between abaxial and adaxial leaf surfaces do not result in significant differences in oviposition
preference by P. xylostella. Within a Barbarea plant, however, P. xylostella moths tend to lay more
eggs per leaf area on young leaves, which contain higher concentrations of glucosinolates and
saponins than older leaves [5]. Co-occurrence of a high content of glucosinolates and saponins in
Barbarea leaves can protect them against P. xylostella and other herbivores.
References:
1. Shinoda, T, Nagao, T, Nakayama, M, Serizawa, H, Koshioka, M, et al. (2002)
Identification of a triterpenoid saponin from a crucifer, Barbarea vulgaris, as a feeding
deterrent to the diamondback moth, Plutella xylostella. Journal of Chemical Ecology 28,
587-599.
2. Agerbirk, N, Olsen, CE, Bibby, BM, Frandsen, HO, Brown, LD, et al. (2003)

A saponin correlated with variable resistance of Barbarea vulgaris to the diamondback
moth Plutella xylostella. Journal of Chemical Ecology 29, 1417-1433.
3. Badenes-Perez, FR, Reichelt, M, Gershenzon, J, Heckel, DG (2014)

Using plant chemistry and insect preference to study the potential of Barbarea
(Brassicaceae) as a dead-end trap crop for diamondback moth (Lepidoptera: Plutellidae).
Phytochemistry 98, 137-144.
4. Badenes-Perez, FR, Reichelt, M, Gershenzon, J, Heckel, DG (2011)

Phylloplane location of glucosinolates in Barbarea spp. (Brassicaceae) and misleading
assessment of host suitability by a specialist herbivore. New Phytologist 189, 549-556.
5. Badenes-Perez, FR, Gershenzon, J, Heckel, DG (2014)

Insect attraction versus plant defense: young leaves high in glucosinolates stimulate
oviposition by a specialist herbivore despite poor larval survival due to high saponin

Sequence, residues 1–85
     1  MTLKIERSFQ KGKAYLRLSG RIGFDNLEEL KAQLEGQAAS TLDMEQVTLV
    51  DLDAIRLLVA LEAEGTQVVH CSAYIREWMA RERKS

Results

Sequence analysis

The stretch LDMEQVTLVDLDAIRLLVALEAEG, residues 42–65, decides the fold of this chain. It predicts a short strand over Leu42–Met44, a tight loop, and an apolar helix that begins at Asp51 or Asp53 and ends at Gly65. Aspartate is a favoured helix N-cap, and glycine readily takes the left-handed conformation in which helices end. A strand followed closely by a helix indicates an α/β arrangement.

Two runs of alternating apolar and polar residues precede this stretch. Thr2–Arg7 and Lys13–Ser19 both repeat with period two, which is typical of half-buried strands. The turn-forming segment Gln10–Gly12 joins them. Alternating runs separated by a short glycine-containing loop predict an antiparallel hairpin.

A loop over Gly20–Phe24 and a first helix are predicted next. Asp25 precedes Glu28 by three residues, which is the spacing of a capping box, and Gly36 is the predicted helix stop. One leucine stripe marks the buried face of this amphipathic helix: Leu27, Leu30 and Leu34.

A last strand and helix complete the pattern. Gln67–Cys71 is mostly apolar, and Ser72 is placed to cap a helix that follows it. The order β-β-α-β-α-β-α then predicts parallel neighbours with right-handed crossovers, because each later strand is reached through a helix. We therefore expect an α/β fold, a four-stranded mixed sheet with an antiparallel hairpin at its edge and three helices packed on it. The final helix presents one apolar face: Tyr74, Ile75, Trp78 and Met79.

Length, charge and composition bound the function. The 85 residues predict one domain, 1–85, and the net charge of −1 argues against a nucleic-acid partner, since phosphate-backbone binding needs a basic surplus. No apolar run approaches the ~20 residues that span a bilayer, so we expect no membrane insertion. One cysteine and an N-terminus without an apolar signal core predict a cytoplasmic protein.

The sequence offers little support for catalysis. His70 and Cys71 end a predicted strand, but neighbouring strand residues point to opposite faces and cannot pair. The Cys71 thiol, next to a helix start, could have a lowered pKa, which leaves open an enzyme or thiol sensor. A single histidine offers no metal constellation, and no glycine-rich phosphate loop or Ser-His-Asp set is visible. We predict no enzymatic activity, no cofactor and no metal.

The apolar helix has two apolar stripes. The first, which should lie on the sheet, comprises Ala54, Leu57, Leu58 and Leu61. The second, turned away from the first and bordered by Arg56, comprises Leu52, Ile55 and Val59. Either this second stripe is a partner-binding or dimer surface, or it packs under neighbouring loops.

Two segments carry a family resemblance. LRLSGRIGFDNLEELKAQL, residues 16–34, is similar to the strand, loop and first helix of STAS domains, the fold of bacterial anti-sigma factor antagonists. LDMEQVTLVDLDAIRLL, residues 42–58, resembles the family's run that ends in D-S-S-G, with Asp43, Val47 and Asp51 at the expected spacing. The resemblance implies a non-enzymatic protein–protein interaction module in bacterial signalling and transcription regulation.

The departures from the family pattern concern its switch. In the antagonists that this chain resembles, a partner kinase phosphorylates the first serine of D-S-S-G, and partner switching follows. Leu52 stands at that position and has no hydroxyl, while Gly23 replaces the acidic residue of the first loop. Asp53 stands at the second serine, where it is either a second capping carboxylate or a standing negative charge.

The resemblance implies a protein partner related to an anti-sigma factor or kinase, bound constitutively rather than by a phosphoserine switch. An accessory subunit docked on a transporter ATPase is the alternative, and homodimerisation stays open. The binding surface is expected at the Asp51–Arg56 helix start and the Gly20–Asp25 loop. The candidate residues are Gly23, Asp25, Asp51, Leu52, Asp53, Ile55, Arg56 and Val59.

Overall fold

content. PLOS ONE 9(4), e95766.

69

Poster presentations abstracts in alphabetic order

P.05 Effect of food chain production residues on the


glucosinolate profile of Brassica rapa ssp. chinensis
S. Baldermann1,2, M. Wiesner1, K. Frede1,2, H. Rawel2, S. Neugart1, E. Jander1,2
and M. Schreiner1
1. Leibniz-Institute of Vegetables and Ornamental Crops Grossbeeren/Erfurt e.V., Theodor-Echtermeyer-Weg 1,
14979 Grossbeeren, Germany
2. Institute of Nutritional Science, University of Potsdam, Arthur-Scheunert-Allee 114-116, 14558 Nuthetal, Germany

The effect of food chain residues on the content of glucosinoltes in Brassica rapa ssp. chinensis (pak
choi) was investigated in this study. Pak choi is a fast growing green leafy vegetable, which is very
frequently consumed in Asian countries and in steadily rising quantities in Europe. As with other
plants, the amount of bioactive substances is known to depend on several parameters, including
genotype [1], growing conditions, developmental stage and soil characteristics. Agricultural residues
and remains of the food production chains are regard as an alternative to chemical fertilizers. We
used residues of the food production chain of coffee, aronia and hop and were particularly interested
if these can modulate the glucosinolate concentrations in pak choi.
Five or 10% of the soil was replaced by organic residue. The sprouts were grown for 10 days on soil
or soil mixtures in glasshouses during summer 2013.
To assess differences in the concentrations of the glucosinolates the lyophilized samples were
analyzed by UHPLC after a slightly modified method previously reported [1].